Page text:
The Vancouver Aquarium Marine Science Centre reached a new milestone Friday morning, celebrating its highest annual attendance ever, with a record 1.17 million visitors in 2016. The record-breaking number includes tourists to Vancouver, local residents, and many of the Aquarium’s 75,000 members.
“Tourism is a key sector in B.C. and we’re delighted to play such a significant role in it,” said Vancouver Aquarium general manager Dolf DeJong. “We’re also very proud of our ability to engage and educate the public — 1.17 million people came here in 2016 to learn about our oceans and the issues they face. That’s a lot of impact.”
This marks the fifth consecutive year the Vancouver Aquarium has welcomed more than a million guests through its doors and the highest number of annual visitors in its 60-year history.
Bruce and Linda Thomson of Victoria, B.C., and their grandchildren, cousins Cadence Greenway, 9, and Kai Thomson, 8, were the special guests whose visit today marked the record-setting number. To recognize the occasion, the special guests were surprised at admissions with a gift basket from Vancouver Aquarium’s gift shop, a one-year membership and a VIP tour that took them behind the scenes.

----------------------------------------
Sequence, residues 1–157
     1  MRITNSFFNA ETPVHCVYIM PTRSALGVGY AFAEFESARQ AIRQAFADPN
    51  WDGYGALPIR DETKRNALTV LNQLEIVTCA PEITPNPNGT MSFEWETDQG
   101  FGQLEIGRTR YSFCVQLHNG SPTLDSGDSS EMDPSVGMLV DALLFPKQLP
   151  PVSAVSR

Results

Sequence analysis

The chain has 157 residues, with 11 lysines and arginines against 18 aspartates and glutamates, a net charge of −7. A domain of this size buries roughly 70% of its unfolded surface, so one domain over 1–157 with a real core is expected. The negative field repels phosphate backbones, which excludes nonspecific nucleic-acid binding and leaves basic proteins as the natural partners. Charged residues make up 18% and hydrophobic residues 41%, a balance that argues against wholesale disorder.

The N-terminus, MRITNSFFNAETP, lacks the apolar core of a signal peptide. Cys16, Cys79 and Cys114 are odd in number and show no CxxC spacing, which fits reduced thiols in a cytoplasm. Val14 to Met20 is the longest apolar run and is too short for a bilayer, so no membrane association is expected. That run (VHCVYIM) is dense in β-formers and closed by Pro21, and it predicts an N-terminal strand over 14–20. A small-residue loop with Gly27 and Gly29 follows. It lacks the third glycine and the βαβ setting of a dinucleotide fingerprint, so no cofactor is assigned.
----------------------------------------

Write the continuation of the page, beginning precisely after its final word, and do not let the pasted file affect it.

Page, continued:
“Breaking our attendance record is a wonderful way for us to wrap up the year,” said DeJong. “Our visitors make our conservation, research and education efforts possible. Thank you to the Thomson family and the more than one million other guests we saw this year. Each person that visits the Vancouver Aquarium helps us in our conservation mission.”
By purchasing admission and memberships, Vancouver Aquarium visitors contribute to conservation, research and education programs. These include the Marine Mammal Rescue Centre, which rescues and rehabilitates more than 100 animals each year, as well as the Coastal Ocean Research Institute, which performs groundbreaking research on our coastal ecology, including wild killer whale populations as well as the impacts of ocean pollutants. Just by visiting the non-profit Vancouver Aquarium, visitors have a direct impact on aquatic conservation.